Bedfordshire glassblowing expert passes on ancient art

The ancient art of glassblowing dates back thousands of years '“ and it is still practised today by masters of the craft.

By The Newsroom
Thursday, 3rd November 2016, 8:19 am
Updated Wednesday, 16th November 2016, 3:38 pm

One such master is Ricky Keech who explains the technique of inflating molten glass into a bubble (or parison), with the aid of a blowpipe (or blow tube) – carrying out each step with delicacy and precision.

Bedford man Ricky, 52, developed an interest in glassblowing while at university but thought he’d pass on the skill by starting his own classes in 2012.

His workship is based in Rectory Lane, Ampthill, with classes suitable for all beginners to ‘try their hand at this moulten art’.

Ricky said: “One of the main differences with my course is I run a small class, so it’s always just two per class.

“This makes it quite different to other glassblowing classes, as the numbers can be higher, but I like to run it this way because it allows me to have more input with each student.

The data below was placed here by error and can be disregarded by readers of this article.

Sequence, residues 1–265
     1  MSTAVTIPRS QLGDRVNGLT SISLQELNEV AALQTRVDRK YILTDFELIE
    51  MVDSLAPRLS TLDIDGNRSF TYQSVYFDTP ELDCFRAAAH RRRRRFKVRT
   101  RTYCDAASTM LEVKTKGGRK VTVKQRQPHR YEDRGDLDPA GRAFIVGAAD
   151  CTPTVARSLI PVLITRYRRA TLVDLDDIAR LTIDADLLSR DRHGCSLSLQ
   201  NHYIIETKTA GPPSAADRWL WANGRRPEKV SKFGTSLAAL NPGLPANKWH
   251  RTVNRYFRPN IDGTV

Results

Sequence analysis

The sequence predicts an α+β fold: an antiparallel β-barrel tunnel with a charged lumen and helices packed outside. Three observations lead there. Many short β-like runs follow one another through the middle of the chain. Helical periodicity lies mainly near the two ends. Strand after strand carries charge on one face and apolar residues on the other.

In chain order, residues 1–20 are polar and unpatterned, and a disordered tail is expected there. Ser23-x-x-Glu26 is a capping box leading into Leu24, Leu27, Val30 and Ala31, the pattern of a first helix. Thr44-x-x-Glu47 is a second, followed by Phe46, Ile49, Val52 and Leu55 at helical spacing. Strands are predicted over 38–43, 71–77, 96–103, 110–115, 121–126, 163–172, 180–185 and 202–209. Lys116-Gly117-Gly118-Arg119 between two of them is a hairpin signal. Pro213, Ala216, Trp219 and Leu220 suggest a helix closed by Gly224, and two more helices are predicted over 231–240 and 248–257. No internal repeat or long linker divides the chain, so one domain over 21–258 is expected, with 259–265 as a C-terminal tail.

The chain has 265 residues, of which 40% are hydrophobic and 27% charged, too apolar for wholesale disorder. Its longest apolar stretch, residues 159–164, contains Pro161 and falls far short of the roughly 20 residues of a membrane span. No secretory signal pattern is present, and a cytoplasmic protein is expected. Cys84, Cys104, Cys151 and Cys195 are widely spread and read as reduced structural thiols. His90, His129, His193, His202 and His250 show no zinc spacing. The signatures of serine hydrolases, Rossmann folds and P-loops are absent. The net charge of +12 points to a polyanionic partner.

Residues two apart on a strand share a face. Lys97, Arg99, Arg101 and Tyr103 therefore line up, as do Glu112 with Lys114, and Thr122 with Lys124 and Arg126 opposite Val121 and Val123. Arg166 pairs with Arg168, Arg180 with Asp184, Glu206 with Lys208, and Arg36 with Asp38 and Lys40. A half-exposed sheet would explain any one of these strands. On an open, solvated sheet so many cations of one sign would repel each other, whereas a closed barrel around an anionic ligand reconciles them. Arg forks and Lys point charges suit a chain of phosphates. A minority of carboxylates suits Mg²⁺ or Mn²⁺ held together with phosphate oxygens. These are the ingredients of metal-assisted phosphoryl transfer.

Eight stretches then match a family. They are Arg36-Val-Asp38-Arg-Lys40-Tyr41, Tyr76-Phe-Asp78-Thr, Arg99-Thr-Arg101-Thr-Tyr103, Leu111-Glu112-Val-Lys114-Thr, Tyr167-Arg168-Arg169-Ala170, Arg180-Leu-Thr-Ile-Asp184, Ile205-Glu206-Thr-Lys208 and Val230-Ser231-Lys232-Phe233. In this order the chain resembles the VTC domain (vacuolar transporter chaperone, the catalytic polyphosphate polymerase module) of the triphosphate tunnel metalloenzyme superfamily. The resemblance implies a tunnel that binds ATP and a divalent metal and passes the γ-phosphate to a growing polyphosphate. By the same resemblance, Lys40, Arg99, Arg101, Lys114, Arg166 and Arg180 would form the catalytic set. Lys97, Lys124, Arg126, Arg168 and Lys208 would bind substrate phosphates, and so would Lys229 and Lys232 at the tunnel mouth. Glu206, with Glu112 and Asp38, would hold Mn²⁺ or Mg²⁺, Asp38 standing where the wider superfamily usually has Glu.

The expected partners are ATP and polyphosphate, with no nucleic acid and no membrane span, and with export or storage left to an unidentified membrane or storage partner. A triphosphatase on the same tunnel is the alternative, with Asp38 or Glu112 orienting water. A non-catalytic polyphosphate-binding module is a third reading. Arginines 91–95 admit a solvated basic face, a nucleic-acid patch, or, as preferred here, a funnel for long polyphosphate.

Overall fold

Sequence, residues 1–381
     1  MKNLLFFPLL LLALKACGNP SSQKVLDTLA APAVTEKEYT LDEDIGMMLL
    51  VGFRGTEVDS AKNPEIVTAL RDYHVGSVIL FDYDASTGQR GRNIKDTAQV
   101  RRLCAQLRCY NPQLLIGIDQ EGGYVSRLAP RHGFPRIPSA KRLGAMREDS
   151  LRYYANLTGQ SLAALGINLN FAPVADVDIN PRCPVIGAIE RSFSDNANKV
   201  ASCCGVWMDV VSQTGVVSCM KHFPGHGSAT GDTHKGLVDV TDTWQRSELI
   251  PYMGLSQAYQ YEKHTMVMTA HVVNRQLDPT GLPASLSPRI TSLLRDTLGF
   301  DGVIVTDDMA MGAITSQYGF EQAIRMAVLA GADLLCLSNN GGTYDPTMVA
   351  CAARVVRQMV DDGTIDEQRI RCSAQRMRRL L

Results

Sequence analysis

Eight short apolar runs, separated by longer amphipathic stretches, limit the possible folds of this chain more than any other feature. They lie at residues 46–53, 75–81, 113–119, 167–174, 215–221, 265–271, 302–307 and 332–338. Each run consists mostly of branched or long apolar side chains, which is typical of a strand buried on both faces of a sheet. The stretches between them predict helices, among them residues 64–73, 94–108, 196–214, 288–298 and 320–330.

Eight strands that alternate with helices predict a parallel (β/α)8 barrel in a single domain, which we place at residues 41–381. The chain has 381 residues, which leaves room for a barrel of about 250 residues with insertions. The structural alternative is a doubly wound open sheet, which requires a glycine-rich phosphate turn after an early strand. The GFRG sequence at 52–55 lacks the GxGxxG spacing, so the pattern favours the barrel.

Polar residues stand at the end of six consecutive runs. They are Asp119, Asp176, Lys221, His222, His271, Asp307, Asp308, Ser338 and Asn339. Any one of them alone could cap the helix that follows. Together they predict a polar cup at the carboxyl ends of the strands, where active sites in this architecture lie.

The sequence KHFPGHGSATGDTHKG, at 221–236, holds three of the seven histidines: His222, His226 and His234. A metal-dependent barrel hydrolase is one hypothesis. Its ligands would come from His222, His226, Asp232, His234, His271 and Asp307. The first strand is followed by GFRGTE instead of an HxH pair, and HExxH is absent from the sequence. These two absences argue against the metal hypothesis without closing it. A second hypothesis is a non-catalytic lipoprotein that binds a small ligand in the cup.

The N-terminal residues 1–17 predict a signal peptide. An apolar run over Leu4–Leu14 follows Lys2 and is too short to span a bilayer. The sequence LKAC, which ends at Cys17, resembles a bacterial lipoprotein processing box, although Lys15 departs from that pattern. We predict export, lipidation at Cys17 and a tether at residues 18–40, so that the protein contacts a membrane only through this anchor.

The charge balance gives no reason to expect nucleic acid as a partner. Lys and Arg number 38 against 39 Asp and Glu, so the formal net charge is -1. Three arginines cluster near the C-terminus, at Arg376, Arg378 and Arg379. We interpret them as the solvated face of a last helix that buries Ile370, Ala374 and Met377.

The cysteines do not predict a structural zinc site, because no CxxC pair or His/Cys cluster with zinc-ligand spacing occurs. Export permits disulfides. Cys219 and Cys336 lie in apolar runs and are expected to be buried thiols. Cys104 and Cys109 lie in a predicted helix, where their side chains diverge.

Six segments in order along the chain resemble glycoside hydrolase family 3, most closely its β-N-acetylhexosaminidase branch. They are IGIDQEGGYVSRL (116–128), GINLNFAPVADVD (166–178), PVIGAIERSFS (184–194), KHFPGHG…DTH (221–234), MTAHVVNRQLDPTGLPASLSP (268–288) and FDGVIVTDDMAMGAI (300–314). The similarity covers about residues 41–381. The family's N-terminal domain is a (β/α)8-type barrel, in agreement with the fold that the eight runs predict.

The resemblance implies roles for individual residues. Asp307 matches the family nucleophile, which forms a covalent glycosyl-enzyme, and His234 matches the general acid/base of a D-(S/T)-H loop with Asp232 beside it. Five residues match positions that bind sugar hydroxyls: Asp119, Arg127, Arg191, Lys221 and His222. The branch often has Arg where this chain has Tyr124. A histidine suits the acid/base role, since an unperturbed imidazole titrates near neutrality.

“This way they get to cover a lot off different skills needed within glassblowing.

“The students are quite surprised at how much they cover in each lesson, and assume they will make only a couple of one off objects but they are always guaranteed to produce at least four individual pieces.

“It’s not a question of me producing it for them – it’s a hands-on course so the students can build up the skills as they progress through the day.”

Ricky studied fine art, ceramics and glassblowing at Brunel University London after completing a foundation art and design course at Barnfield College.

He added: “I think glassblowing is fascinating, just watching it was, but after having a go myself I was totally hooked and decided after a number of classes that was what I wanted to specialise in.

“After graduating I thought it would be impossible to start up a fully equipped glassblowing workshop so I initially began doing it with other students until I could get my own workshop and furnace.

“I eventually managed to set up my own studio and I have been working for four years now.

“I have even been asked to put cremation ashes into glass, which we have done, and this is what I hope to develop next year.”

Classes cost £140 for six hours (10am-4pm) and students are guaranteed to make four pieces.

For more information or to book a glassblowing class with Ricky, visit: